Remember: LEMONS! In. Their. Faces.
A smile crept over my face as I stifled a laugh, hearing her voice in my head. Meli was right. I inhaled a sharp breath, suddenly filled with the determination to rise above this madness. I would not let them beat me. Not the mean-spirited fans. Not the horrible wives. Not the newspapers or online sites.
I watched this game for one reason and one reason only.
Jack. Fucking. Carter.
No one in this stadium had any idea the kind of hell Jack and I had endured in the past, and I’d be damned if anyone was going to ruin this for me after all we’d been through. I crossed my legs and leaned my back against the cold, hard seat, silently wishing Trina would show up soon.
Yes, I wanted to prove everyone wrong. I wanted to show them that they wouldn’t tear me down and wreck this experience. But it sure would be nice to have a friend by my side while I stayed strong in the face of such intentional ugliness.
You’ll be fine, Cass. You can do this.
And I did.
For nine long innings, without Trina by my side, I endured. I left my seat before the game officially ended in order to separate myself from the rowdy crowd as it exited. As I walked up the staircase, the sound of someone snorting and coughing briefly caught my attention. I continued up the stairs, but the sound of wetness hitting the pavement forced my attention downward. My gaze stopped on the blob of spit mere centimeters from my front foot.
“Stupid bitch,” a clearly drunken voice slurred.
Without thinking, my middle finger shot up from my right hand and flashed the crowd as I exited the aisle and into the tunnels.
Shit. I probably shouldn’t have done that.
The next morning infamous photos of Cassie flipping the bird photos were all over the Internet. Captions read: “Jack’s Sweetheart is Anything But!” and “Sassy Cassie Has Quite the Temper!” They were childish and annoying, but they affected me nonetheless. Embarrassment crept over me as I found myself thankful that Jack avoided the Internet. I quickly typed out a text to Melissa.
Make sure Dean doesn’t show that shit to Jack. I don’t need him worrying about me or yelling at me or being upset with me over this. Please make sure you talk to him.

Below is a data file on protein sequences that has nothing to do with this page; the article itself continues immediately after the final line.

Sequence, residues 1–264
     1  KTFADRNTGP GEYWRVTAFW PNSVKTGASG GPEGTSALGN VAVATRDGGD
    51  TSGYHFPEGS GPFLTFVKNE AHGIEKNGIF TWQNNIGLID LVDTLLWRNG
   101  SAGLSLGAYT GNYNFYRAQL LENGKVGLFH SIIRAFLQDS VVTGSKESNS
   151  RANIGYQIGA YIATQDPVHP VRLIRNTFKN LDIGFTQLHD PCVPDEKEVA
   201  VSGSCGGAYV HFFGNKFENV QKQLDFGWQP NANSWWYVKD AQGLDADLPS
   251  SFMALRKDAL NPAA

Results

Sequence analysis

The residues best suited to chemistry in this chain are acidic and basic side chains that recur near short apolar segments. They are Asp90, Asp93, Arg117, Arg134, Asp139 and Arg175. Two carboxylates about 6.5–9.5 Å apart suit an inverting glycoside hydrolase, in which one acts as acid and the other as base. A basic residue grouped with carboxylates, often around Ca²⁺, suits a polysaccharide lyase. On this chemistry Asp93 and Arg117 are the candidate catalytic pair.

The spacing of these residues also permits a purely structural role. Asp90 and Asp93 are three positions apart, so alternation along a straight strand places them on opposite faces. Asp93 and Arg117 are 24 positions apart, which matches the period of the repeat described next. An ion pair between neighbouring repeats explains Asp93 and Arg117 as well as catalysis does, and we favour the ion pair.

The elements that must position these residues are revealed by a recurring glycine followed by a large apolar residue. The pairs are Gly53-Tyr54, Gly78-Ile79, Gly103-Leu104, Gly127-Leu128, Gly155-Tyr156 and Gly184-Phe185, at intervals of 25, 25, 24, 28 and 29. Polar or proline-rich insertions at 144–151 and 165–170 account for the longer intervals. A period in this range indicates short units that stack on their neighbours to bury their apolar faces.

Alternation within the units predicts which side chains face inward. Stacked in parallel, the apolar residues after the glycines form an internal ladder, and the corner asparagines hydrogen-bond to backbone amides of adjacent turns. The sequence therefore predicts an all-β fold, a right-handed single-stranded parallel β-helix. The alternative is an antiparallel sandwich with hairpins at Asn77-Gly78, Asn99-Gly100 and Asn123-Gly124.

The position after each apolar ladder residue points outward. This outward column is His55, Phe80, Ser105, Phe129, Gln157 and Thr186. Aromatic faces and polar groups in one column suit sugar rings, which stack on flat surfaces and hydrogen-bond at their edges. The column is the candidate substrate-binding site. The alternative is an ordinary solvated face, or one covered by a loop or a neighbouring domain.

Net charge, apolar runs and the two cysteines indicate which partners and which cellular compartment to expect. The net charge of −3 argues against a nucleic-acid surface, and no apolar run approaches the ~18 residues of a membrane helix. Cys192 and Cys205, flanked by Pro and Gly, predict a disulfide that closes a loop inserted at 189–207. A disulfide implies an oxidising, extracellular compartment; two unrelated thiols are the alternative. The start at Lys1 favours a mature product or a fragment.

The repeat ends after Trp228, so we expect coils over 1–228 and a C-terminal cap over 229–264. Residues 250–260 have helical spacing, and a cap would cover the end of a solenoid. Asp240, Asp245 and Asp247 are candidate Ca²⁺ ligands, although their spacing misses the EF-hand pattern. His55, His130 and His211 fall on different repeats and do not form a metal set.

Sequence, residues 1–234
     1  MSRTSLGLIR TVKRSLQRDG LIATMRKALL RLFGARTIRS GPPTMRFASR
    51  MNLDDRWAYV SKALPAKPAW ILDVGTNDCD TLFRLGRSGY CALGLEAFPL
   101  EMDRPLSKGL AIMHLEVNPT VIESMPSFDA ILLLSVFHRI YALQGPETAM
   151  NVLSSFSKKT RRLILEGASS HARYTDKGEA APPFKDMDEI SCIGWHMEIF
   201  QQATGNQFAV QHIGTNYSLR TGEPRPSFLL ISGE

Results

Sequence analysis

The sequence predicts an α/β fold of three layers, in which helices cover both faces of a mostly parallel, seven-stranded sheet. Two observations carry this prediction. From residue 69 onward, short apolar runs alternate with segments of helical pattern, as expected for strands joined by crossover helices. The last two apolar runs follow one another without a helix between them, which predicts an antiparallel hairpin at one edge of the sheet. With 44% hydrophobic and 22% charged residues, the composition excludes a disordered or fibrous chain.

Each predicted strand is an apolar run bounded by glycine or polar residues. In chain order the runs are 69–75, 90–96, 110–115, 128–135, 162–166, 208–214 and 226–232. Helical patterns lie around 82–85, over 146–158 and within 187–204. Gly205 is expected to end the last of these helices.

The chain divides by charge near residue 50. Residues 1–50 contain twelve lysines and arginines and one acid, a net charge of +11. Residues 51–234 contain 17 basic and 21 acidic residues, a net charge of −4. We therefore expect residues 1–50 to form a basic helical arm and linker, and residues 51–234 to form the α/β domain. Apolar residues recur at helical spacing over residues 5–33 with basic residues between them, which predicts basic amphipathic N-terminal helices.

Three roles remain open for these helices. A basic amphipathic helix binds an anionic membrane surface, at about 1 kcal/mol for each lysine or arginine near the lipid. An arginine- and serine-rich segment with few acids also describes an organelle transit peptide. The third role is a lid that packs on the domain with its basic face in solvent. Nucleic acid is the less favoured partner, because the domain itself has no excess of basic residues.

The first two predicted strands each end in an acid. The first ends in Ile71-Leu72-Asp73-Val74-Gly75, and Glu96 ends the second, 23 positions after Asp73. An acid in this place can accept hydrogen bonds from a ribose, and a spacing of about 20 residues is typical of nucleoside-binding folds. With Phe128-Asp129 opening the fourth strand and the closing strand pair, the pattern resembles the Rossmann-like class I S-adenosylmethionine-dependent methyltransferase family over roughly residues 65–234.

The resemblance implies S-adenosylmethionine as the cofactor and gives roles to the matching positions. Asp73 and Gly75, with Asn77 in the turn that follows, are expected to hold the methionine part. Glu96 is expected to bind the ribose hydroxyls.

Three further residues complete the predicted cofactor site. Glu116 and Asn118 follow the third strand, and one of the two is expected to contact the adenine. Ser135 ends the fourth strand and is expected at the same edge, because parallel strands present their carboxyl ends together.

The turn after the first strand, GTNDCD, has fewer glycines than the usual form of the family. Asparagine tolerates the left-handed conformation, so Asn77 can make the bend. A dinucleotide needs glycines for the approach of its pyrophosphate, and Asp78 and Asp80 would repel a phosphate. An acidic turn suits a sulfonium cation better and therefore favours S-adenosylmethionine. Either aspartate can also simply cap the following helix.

If anyone could curb Dean’s actions, it was Melissa. I worried about him sending Jack the same type of text messages with pictures that she had been sending me. I knew better than to let the jerks know they affected me, and now I’d have to pay for my stupid actions with the online postings, comments, and whatever else came along. The last thing I wanted was for Jack to be worried about me, or think I couldn’t handle myself in the face of some stupid drunk hecklers, so I was determined to keep my behavior a secret from him.
My phone chirped.
You got it. Dean won’t tell Jack anything about his crazy middle-finger-flipping girlfriend. LOL But hey, you gotta keep it together or these fans will eat you alive. You’re better than that.
I sighed inwardly and typed.
You’re right. I know. I lost my cool. It won’t happen again.
I worked the rest of the day uninterrupted and only started to get nervous about the game when Matteo dropped me off at the stadium. If he knew about the pictures, he wasn’t saying anything.
“Have a good night, Cassie. I’ll see you later.” His smile reached all the way to his eyes, and I shoved my nervous energy aside before smiling back.
“See you later Matteo. Thanks for the ride.” I slammed the door shut, hoping no one would notice me. If the comments started already, I’d probably turn around and chase Matteo’s car all the way back to Manhattan.
Attending Jack’s games solo all the time might start to get old. I really needed to make some friends who liked watching baseball. I guess I wouldn’t want new friends so badly if the wives had been kinder. And as much as I liked Trina, it was obvious that her modeling jobs kept her from coming to most games; that sucked for me because without her there, I felt completely alone.